By Dr. Vanessa Lapointe
The school year is upon us and for many families, it will look very different from years prior. From hybrid models, to learning-at-home, to returning to a bricks-at-mortar school, children in our province are going to be resuming their education in a variety of formats. Children will also be walking through the doors of their preschools, day cares, and after-school cares with a whole new set of rules and expectations. Many families have messaged me to ask how they can start this year off strong, after months of uncertainty and indecision. I’d like to share three ways that we can head into September as confident and calm guides for our families.
Take On Change With Compassion
For many families, this has been a six-month-long Spring Break that didn’t ever seem to end! After this time at home with siblings, family members and perhaps some close friends in your “bubble”, the transition to the busy-ness and schedules of the classroom can be a lot for a child. This may mean that your child has some worries leading up to the first day – or weeks! – of school. It can mean some BIG feelings at the end of the day, when all of those emotions that have been tucked away throughout the day can FINALLY find a place to land. That’s right – right squarely on you.
This is a time where your child will have to adjust. To more noise. To more sitting in seats. To people that he hasn’t been around in almost six months. For children who are learning from home, your child may have to adjust to sitting in front of a computer most mornings. To inevitably missing some aspects of the classroom. To having a parent or family member step in as his teacher.
Just like an adult might come home and say, “Whew! That was a tough day!” your child will experience those similar feelings, but without the necessary tools to express it. Allow those tantrums. Make space for a snarling teenager or tears over the dinner table. Be patient. Listen. And always approach with connection first.
Handling Your Own Worries
This has been the Summer of Uncertainty (yes, it’s worth a capitalization). I cannot count how many times I, and my friends and colleagues, have talked about what school is going to look like. And oftentimes, these conversations fall into a fear-based narrative. We are so worried about making the wrong choice that in the end, our conversations often result in two people with increased heart rates and even less of an idea of what they truly wanted. My partner, David Loyst, wrote a wonderful piece about finding your own way without letting the noise of our peers and the media drown out our inner voice. You can read that here.
I also want to encourage parents to be gentle with themselves during these first few months of school and daycare. Avoid doom scrolling (getting sucked up in the media streams of constant fear and negative news), get plenty of sleep, connect with those in your village, and find time for quiet reflection. This is a time to show yourself the same love you show your children.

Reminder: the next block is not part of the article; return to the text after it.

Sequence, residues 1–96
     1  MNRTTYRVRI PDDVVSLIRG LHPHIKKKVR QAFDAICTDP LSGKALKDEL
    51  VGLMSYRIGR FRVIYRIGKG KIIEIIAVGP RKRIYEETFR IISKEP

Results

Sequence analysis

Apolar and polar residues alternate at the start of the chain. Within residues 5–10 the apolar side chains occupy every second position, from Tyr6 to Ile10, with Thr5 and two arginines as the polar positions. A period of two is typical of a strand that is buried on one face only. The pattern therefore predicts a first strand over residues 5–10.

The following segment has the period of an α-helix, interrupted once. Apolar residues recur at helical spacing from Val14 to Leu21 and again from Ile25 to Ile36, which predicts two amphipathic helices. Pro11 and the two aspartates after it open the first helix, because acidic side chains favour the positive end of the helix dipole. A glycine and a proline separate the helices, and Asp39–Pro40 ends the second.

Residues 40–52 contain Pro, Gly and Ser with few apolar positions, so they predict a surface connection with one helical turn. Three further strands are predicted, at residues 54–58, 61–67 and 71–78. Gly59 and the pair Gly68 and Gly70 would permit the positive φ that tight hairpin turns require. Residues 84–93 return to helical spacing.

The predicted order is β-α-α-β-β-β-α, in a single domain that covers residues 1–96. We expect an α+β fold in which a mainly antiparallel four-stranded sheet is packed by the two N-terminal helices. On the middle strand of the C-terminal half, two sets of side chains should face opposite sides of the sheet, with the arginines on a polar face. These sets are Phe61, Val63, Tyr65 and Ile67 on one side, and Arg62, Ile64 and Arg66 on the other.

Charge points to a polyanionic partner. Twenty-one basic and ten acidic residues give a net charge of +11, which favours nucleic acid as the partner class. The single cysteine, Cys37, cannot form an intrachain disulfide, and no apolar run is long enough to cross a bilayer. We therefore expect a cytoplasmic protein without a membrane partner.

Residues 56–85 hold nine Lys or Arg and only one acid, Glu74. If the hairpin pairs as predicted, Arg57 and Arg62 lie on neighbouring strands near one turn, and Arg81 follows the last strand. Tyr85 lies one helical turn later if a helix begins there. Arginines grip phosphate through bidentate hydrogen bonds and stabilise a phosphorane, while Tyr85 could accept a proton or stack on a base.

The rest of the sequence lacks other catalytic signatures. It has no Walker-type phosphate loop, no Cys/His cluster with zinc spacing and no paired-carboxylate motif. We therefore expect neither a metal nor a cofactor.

Connect With Your Village
We have been living in a time that is unlike any other, and as a result, many of us have been living very different lives. Our bubbles have gotten tight, extra-curriculars have been cancelled/altered, and a large percentage of us have shifted to working from home. In our province, we are facing the Fall – where we move indoors, and cold and flu season often pays a visit. During this time, it is crucial that we don’t isolate ourselves under a cloud of fear. We must reach out to fellow parents, family members, neighbours – while still remaining safe and using our common sense.
Humans are a social species and are wired for connection with others. By reaching out to your village, not only will you be filling your own emotional cup, but you will also be modelling to your children how to continue to interact and support your village, while still adhering to best health and safety practices. Not everyone who needs support will reach out, so pay attention. Fire a text to that friend who has been quiet lately. Message your child’s teacher to send a few words of gratitude. Check in with that elderly neighbour to see how she’s been doing. Set up a Zoom call with friends and family members who are out of town. Don’t let the season drive us into isolation. Use it as a reason to reach out to our community!
You’ve Got This
I feel as though I’ve said this a hundred times in the past few months, but “these are weird times”. And they are! It’s okay to admit it! I’m not asking you to Pollyanna your way through the school year while your child skeptically watches you. Instead, I’m asking you to make space for a gamut of emotions (ALL of them), to be gentle with your children and yourself, and to keep connecting. Don’t stop connecting! This year will be different, but it will also bring its own gifts. Relationships can grow stronger. Creativity can bloom. You may slip into a new self-care practice that changes your lens entirely! You’ve got this. This year might be different, but that doesn’t mean that it can’t be amazing.
See more articles from Dr. Vanessa Lapointe in our Parenting Corner.